Ticker SDRY

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As of 21:55 19 Jul 2019
Market cap. Pound sterling
348.16 million
As of 21:55 19 Jul 2019

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Why is Superdry doing so badly?

Superdry store on Regent Street, London

In case you missed it, Superdry posted a whopping £85m loss earlier, prompting its founder and recently reappointed CEO Julian Dunkerton to say that he is trying to "steady the ship".

So why is the fashion brand doing so badly?

According to retail analyst Chris Field: "Central to [Julian Dunkerton's extensive turnaround plan] will be addressing Superdry’s hefty global store estate, which is under-performing due to legacy leasing and dwindling footfall as fashion shoppers move online."

The firm is also struggling with a sluggish supply chain, an over-reliance on discounting, and high turnover of senior executives, says Mr Field.

"‘Revolving door’ management creates instability, and this is bound to distract the company from doing what it takes to thrive in an increasingly competitive marketplace."

Superdry to stay on High Street

Julian Dunkerton

Superdry founder Julian Dunkerton (pictured) says he is trying to "steady the ship" after the fashion retailer reported an £85m annual loss.

Executives have been speaking to analysts after those figures

Over the next two years 40% of its shop leases come up for renewal offering it an opportunity to renegotiate terms with landlords.

“We expect to work symbiotically with landlords,” executives told analysts on a conference call.

So despite that hefty £85m loss reported this morning for the last year, the retailer’s not predicting it will have to close stores, or not many. Closures will be “very minimal” they said.

Their belief is that landlords want Superdry in their shopping centres and on their High Streets and will be happy to talk terms.

Superdry reports 'very disappointing' loss

superdry store

Superdry has reported a statutory annual pre-tax loss £85.4m compared with a a profit of £65.3m a year earlier.

The company focused on underlying profit before tax of £41.9m, which it said was "significantly" below the prior year of £97m and taking into account "onerous" lease provisions.

Julian Dunkerton, who won his battle earlier this year to return the company, he founded, said: "The issues in the business will not be resolved overnight".

"My first priority on returning to Superdry has been to steady the ship and get the culture of the business back to the one which drove its original success".

Chairman Peter Williams said the results were "very disappointing".

Superdry gets two new board members

superdry store

Superdry is rebuilding its board after founder Julian Dunkerton won his bid to be reinstated to the company's board in April.

That led to an emergency board meeting at which eight directors resigned en masse.

Helen Weir, the former finance director of Marks & Spencer, and Alastair Miller, a former finance director of New Look, are joining as non-executives.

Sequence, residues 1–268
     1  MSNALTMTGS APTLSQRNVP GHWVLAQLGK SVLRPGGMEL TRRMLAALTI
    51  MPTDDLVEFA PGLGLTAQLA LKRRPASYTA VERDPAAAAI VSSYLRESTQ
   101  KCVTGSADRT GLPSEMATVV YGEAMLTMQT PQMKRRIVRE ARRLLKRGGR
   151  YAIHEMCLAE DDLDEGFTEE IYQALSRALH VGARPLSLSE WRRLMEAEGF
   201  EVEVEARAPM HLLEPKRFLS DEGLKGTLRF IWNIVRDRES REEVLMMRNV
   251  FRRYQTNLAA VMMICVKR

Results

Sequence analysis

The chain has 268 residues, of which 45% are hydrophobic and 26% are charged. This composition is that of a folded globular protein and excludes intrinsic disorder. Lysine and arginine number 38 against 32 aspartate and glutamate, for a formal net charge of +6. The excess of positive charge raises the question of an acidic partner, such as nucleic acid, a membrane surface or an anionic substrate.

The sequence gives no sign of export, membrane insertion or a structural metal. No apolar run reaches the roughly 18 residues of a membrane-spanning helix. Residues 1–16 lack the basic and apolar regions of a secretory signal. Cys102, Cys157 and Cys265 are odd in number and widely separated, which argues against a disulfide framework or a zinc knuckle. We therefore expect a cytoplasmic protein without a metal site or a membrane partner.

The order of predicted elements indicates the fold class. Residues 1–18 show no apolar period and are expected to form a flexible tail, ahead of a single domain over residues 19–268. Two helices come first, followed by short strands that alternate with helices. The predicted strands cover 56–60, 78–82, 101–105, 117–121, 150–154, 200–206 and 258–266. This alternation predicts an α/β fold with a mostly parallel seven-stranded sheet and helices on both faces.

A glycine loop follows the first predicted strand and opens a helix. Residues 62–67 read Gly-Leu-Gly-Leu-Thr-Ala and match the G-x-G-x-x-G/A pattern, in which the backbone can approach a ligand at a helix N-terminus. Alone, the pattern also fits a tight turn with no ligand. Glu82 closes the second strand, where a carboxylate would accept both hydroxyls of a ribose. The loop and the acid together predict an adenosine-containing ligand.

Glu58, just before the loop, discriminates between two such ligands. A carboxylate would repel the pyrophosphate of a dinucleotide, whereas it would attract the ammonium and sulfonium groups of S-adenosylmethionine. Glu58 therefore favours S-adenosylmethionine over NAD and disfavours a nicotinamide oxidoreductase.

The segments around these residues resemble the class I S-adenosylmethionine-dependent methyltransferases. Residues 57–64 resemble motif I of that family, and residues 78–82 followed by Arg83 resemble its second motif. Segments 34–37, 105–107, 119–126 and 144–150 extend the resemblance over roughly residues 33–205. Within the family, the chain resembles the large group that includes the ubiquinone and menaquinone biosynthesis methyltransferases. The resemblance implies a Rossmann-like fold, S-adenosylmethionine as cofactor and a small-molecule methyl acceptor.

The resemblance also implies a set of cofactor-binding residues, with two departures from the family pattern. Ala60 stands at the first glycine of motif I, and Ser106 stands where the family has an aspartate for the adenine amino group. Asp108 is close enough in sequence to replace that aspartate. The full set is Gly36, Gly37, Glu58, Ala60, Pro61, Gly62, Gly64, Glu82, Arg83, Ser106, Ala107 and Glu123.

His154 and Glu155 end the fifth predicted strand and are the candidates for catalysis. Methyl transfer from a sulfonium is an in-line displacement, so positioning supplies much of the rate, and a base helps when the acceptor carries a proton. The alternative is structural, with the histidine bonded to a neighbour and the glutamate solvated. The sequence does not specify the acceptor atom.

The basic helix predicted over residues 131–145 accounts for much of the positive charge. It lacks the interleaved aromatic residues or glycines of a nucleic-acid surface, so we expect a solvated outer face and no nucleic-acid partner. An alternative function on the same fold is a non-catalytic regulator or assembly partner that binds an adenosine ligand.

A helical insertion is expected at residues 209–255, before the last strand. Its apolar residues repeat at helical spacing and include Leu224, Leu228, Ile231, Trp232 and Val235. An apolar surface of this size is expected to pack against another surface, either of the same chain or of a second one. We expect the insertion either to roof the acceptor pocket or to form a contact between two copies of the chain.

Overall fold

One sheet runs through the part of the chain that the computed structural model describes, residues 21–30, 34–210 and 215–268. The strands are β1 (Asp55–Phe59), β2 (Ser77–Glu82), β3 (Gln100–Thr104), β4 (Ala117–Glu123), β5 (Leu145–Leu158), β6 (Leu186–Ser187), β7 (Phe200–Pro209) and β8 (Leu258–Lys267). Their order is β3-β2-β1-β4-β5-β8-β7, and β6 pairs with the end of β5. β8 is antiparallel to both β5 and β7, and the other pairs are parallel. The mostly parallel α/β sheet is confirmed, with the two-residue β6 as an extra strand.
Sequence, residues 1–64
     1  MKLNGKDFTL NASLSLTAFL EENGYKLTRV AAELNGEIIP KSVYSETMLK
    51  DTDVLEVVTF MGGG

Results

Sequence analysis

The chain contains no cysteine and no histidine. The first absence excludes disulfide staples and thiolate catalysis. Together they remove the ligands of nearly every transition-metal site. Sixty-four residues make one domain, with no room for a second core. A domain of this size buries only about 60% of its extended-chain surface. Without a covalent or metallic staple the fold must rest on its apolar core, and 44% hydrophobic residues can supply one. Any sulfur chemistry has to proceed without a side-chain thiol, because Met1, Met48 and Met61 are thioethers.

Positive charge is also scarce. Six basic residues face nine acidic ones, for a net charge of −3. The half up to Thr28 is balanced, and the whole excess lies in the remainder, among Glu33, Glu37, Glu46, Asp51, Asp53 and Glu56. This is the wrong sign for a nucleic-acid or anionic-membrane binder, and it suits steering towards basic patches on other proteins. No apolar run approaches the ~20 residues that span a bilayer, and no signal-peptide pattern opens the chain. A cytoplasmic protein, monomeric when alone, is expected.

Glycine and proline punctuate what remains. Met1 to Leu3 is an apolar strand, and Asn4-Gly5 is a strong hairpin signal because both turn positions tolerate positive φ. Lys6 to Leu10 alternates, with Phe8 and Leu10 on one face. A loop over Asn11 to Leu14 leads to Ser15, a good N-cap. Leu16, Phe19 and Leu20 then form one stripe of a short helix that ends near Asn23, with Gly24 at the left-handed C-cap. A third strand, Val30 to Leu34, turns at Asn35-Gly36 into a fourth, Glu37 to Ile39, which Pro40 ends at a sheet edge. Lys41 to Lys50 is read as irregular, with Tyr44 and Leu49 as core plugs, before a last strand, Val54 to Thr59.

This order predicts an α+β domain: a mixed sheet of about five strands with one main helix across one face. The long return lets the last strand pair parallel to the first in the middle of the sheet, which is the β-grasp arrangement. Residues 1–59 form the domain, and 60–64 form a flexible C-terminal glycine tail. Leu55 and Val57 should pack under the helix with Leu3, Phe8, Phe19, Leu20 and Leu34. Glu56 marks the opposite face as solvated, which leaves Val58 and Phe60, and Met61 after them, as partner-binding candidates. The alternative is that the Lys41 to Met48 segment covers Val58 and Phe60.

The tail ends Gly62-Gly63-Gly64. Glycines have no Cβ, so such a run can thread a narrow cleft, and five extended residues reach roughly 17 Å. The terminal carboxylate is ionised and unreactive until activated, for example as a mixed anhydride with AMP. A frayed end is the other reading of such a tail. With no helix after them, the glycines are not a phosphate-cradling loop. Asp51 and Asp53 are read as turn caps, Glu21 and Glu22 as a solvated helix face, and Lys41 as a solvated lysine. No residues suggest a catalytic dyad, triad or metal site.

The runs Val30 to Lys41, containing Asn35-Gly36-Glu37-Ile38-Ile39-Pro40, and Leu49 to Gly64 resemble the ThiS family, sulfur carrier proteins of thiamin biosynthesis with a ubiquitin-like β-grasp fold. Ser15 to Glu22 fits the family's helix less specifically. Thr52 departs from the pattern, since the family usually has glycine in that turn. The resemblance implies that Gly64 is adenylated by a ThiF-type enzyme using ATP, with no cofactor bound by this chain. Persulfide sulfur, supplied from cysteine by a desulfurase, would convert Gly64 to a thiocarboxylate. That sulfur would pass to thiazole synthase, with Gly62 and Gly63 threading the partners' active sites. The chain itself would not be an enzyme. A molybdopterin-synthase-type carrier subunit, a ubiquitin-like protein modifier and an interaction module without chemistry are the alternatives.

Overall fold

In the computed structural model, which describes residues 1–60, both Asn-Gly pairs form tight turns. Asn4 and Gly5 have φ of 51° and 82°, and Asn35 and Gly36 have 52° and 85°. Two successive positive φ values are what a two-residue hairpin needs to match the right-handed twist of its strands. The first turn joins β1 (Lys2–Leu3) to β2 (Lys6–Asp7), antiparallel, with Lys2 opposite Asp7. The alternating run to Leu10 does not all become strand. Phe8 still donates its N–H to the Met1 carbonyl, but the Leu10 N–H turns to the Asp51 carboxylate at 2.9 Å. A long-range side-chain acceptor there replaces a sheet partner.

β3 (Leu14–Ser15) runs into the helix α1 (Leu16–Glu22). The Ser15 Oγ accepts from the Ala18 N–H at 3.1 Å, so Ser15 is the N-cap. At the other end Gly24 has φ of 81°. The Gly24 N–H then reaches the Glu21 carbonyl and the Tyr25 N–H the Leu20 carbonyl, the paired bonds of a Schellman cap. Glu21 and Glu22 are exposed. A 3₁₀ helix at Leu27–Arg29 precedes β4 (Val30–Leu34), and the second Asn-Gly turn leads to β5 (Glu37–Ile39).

Ms Weir - who has also held roles at John Lewis, Lloyds Banking Group and Kingfisher - will be the senior independent director and Mr Miller will become chair of the audit committee.

Superdry chairman Peter Williams, said: "Since becoming chairman in April it has been a priority of mine to restore the board to full strength and these appointments are a big step in that direction.

"We continue to search for an additional two non-executive directors and will make further announcements in due course."

More on Superdry

Julian Dunkerton

Julian Dunkerton, (pictured), the interim chief executive of Superdry, says he is "very excited" about being back.

"There's a lot to do, but after five weeks, I am more confident than ever that we can restore Superdryto being the design-led business with strong brand identity I know it can be," he said.

"My first priority has been to stabilise the situation, and all of us in the business are putting all our energy into getting the product ranges right and improving the Ecommerce proposition, which are two important steps towards addressing Superdry's recent weak performance.

The impact of the changes we are making will take time to come through in the numbers but I'm confident we are heading in the right direction."

That's after Superdry's trading update showed revenue flat year-on-year (0.0%), and declining 4.5% in the fourth quarter.

BreakingSuperdry won't meet profit expectations

superdry shop

Superdry says its full-year underlying profit before tax is "likely to be below the range of market expectations".

That's according to the retailer's fourth quarter trading update (13-weeks to 27 April) and comes after its founder Julian Dunkerton won his bid to be reinstated to the board last month.

Superdry sinks

share price

As mentioned earlier, Julian Dunkerton was installed as interim chief executive at Superdry yesterday after he won enough support to be elected to the board of the company he founded.

He had complained about the 65% fall in the share price since he left a year ago. Today the shares are down almost 10% - continuing the share price slide over the last 12 months illustrated above.